At several points during his presentation at MIT yesterday, Nicholas Negroponte mentioned prominent figures in passing – Kofi Annan, Steve Jobs, the Prime Ministers and Presidents of dozens of countries – but at no point did I think he was being self-aggrandizing. His style of speaking was interspersed with personal accounts and anecdotes that shed light on the approach employed by One Laptop Per Child – compassionate, principled, and highly insightful, specifically in terms of technology and distribution. But was there something lacking once the laptop actually reached the classroom?
Before I venture to answer this question, I quickly want to mention 2 points from the presentation that I found particularly fascinating:
1) Why Non-Profit?
This question might not have interested me a few months ago, but after taking a class on entrepreneurship and innovation, I have found that this question is absolutely central to the future of a social venture. In the case of OLPC, Negroponte mentioned three specific reasons for taking the non-profit route (as opposed to for-profit):
a) Clarity of purpose – The label of “non-profit” mitigates fears, and ensures governments that the primary objective of the organization is education, not profits.
b) Outstanding talent at no cost – This was especially interesting. Negroponte mentioned how he was able to attract extremely talented people without having to pay them a single penny. According to him, by choosing to be a non-profit, they were able to get talent that they would otherwise have been unable to afford.
c) Cross-sector partnerships – Negroponte mentioned specifically the extent to which he was able to access heads of state, resulting in the rapid potential for scalability of the venture.
2) Why is scale important?
This seems like a really traditional question, but the answer Negroponte gave was completely untraditional. He relayed a story of meeting with the head of a corporation, where he requested the manufacture of more compact, less complex laptop components for OLPC. The corporation head declined, and said their niche was in the hi-colour, hi-quality, large screen laptop market. At this point, Negroponte said, “Well too bad, especially since I’ll need about a million of these laptops over the course of a few years…” At this point, the corporate head did a double-take. Takeaway point – you can change “corporate strategy” through scale, not through small projects.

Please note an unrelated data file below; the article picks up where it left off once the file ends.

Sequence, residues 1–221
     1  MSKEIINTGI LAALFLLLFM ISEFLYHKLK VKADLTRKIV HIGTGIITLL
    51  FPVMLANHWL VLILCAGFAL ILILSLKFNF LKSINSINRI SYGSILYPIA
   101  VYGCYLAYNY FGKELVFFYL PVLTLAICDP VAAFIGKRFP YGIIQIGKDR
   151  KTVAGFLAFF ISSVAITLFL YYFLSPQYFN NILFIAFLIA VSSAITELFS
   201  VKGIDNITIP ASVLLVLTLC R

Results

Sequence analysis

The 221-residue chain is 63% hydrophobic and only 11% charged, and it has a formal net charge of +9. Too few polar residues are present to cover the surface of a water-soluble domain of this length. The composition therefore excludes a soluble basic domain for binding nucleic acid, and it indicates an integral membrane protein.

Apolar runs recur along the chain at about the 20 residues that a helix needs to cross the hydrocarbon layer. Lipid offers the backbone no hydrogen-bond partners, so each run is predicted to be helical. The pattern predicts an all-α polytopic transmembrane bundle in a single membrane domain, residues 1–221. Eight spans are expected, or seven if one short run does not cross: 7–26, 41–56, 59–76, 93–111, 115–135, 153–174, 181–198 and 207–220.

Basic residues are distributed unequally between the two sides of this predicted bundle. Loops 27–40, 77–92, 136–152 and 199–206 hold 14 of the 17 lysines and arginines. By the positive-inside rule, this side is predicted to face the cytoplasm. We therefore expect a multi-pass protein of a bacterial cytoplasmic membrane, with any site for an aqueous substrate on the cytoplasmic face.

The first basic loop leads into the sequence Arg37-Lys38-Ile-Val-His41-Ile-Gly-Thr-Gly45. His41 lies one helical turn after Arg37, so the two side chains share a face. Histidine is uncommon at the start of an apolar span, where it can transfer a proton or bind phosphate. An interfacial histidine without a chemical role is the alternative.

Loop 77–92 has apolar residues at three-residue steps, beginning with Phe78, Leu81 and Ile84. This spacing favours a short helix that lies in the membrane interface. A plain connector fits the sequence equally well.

More after the break.
There were a number of other points that were fascinating, but I want to focus next on something Aishwarya talked about in his post about NComputing. Given my interest in grassroots development, I asked Negroponte a question regarding implementation, specifically in India, where rote learning and discipline take precedence over creativity. It’s not enough to provide schools with laptops – we must change the way teachers teach, and the way children learn. If a fundamental shift is required in pedagogical practices, or the very culture of the classroom, where do laptops fit in?
Negroponte acknowledged the point, and admitted that India has been especially difficult, but I wonder whether they’re missing something. What about large, community-based education NGOs such as Pratham? Wouldn’t it be wise to partner up not only with the government, but with grassroots organizations as well? It seems as if OLPC’s strength is in technology development, distribution, and government networks. Wouldn’t the next step be to supplement this expertise with the grassroots expertise of community-based organizations?